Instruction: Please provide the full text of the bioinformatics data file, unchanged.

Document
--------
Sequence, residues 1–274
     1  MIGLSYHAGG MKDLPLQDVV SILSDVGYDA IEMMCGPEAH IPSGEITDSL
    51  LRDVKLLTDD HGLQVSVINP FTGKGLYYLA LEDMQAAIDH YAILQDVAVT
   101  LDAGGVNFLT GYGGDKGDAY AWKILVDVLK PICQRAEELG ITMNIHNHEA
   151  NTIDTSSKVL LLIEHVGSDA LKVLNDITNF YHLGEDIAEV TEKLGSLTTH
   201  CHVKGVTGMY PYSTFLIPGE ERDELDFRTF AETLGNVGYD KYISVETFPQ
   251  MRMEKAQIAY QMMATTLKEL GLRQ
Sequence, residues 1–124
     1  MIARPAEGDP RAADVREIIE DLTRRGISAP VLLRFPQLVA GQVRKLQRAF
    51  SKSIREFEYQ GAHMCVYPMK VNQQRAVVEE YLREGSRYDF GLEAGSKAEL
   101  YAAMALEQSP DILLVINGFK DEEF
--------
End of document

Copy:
Sequence, residues 1–274
     1  MIGLSYHAGG MKDLPLQDVV SILSDVGYDA IEMMCGPEAH IPSGEITDSL
    51  LRDVKLLTDD HGLQVSVINP FTGKGLYYLA LEDMQAAIDH YAILQDVAVT
   101  LDAGGVNFLT GYGGDKGDAY AWKILVDVLK PICQRAEELG ITMNIHNHEA
   151  NTIDTSSKVL LLIEHVGSDA LKVLNDITNF YHLGEDIAEV TEKLGSLTTH
   201  CHVKGVTGMY PYSTFLIPGE ERDELDFRTF AETLGNVGYD KYISVETFPQ
   251  MRMEKAQIAY QMMATTLKEL GLRQ
Sequence, residues 1–124
     1  MIARPAEGDP RAADVREIIE DLTRRGISAP VLLRFPQLVA GQVRKLQRAF
    51  SKSIREFEYQ GAHMCVYPMK VNQQRAVVEE YLREGSRYDF GLEAGSKAEL
   101  YAAMALEQSP DILLVINGFK DEEF